• Three-Minute Thesis Challenge

  • The Three-Minute Thesis (3MT) Challenge is an academic research competition that helps graduate students build effective presentation and communication skills. Participants are allowed just three minutes and one static slide to explain the breadth and significance of their thesis research project to a non-specialized audience. The challenge was developed by The University of Queensland, Australia, in 2008, and is now held at more than 600 universities in 65 countries around the world.

    The New School for Social Research held its first 3MT Challenge in spring 2019.

    First Place and Audience Choice
    Aysegul Kayagil, Sociology: "From 'Arabs' to 'Afro-Turks': Race in the Making of Hegemonic Turkishness"

    Second Place:
    Alissa Boguslaw, Sociology: "Almost Sovereign: Independence and Indeterminacy in the New Republic of Kosovo"

    Third Place:
    Feng Chen, Sociology: "Visualizing Invisibility: Chinese Visual Artists in New York City"

    Information and dates for spring 2020 are coming soon!

    3MT Challenge Rules

    • A single static PowerPoint slide is permitted. No slide transitions, animations, or movements of any kind are allowed. The slide is to be presented from the beginning of the oration.
    • No additional electronic media (e.g., sound or video files) are permitted.
    • No additional props (e.g., books, costumes, musical instruments) are permitted.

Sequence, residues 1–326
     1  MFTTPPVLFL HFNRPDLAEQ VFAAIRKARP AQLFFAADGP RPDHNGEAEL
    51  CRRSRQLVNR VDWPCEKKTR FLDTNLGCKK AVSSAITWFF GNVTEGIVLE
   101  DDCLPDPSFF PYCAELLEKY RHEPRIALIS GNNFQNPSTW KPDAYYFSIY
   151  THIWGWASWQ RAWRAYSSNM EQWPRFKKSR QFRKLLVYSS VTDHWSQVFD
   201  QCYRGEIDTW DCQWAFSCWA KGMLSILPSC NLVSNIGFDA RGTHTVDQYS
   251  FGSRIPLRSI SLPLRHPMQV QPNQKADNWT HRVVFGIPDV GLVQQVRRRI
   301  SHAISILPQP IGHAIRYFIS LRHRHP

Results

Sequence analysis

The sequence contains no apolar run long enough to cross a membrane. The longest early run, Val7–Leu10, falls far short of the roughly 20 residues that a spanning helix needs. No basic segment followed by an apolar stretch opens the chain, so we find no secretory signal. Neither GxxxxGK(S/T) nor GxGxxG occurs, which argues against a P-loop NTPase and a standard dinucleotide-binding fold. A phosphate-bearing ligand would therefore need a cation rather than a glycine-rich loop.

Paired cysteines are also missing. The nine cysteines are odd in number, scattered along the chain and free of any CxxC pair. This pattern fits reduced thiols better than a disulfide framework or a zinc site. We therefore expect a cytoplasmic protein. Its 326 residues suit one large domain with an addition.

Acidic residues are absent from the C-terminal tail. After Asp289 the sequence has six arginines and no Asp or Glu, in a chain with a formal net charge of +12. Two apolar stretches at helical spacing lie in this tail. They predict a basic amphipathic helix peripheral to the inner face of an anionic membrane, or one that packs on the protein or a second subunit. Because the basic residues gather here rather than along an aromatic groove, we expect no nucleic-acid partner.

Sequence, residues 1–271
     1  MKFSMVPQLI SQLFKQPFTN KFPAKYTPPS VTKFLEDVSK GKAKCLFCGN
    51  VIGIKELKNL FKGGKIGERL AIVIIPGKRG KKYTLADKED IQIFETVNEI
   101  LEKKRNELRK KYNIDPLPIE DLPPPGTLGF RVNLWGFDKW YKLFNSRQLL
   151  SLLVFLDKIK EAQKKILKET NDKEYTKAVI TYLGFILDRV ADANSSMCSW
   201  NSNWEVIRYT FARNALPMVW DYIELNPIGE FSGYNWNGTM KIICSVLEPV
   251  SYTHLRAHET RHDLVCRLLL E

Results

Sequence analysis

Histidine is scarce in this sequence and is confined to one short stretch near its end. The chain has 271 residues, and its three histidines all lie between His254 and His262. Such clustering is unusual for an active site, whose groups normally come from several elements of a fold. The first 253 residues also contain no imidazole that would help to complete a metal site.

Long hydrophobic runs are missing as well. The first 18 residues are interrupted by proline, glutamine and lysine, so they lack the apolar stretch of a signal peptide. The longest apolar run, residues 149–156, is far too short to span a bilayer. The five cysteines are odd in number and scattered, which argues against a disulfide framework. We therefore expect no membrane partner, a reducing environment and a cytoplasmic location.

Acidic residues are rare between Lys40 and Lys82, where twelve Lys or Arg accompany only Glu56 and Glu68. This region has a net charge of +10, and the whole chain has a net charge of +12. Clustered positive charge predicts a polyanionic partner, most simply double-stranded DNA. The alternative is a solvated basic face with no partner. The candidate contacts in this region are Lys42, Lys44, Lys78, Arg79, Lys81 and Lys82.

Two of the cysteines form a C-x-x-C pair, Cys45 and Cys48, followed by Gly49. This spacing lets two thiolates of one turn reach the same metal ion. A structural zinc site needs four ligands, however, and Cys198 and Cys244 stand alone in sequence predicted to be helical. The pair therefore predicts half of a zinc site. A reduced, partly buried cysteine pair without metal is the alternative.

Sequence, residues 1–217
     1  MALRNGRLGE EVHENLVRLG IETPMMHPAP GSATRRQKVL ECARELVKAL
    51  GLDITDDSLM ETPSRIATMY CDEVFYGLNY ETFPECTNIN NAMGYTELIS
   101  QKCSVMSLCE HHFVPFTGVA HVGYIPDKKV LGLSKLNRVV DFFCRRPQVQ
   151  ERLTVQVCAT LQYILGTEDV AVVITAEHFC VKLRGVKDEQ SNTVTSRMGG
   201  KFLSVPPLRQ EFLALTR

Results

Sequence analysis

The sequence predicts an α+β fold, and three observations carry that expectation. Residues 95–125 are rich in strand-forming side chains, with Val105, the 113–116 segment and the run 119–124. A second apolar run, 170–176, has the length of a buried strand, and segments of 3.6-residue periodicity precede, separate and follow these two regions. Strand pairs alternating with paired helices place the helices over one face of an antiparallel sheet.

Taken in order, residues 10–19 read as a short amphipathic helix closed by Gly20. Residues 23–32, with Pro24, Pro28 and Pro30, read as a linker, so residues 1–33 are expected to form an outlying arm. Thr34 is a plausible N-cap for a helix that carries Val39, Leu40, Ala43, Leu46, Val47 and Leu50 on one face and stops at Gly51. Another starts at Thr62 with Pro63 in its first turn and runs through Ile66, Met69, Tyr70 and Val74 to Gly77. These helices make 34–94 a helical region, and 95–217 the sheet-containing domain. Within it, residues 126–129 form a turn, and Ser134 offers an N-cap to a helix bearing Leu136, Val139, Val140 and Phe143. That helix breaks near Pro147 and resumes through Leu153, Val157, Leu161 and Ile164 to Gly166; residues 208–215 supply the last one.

• Presentations are limited to three minutes. Competitors whose presentations exceed three minutes will be disqualified.
    • Presentations are to be spoken (no singing is allowed).
    • A presentation is considered to have begun with the presenter’s first word or movement.
    • The decision of the judging panel is final.

    Judging Criteria

    Comprehensiveness and content

    • Did the presenter clearly describe the background and significance of the research question being addressed while explaining terminology and avoiding jargon?
    • Did the presentation clearly describe the impact and/or results of the research, including conclusions and outcomes?
    • Did the presentation follow a clear and logical sequence?
    • Were the thesis topic, research significance, results and impact, and outcomes communicated in language appropriate to a non-specialist audience?
    • Did the presenter spend enough time on each element of his or her presentation? Did he or she spend too much time on one aspect of the subject? Was the presentation rushed?

    Engagement and communication

    • Did the presentation make the audience want to know more?
    • Was the presenter careful not to trivialize or generalize from his or her research?
    • Did the presenter convey enthusiasm for his or her research?
    • Did the presenter capture and maintain the audience's attention?
    • Did the speaker have stage presence and a confident stance, maintain a steady pace and eye contact, and employ his or her vocal range effectively?
    • Did the PowerPoint slide enhance the presentation? Was it clear, legible, and concise?
  • FAQ

  • Contact Us

    If you need help or equipment to record a video, please email NSSR Academic Affairs or stop by the Academic Affairs Office at 6 East 16th Street.

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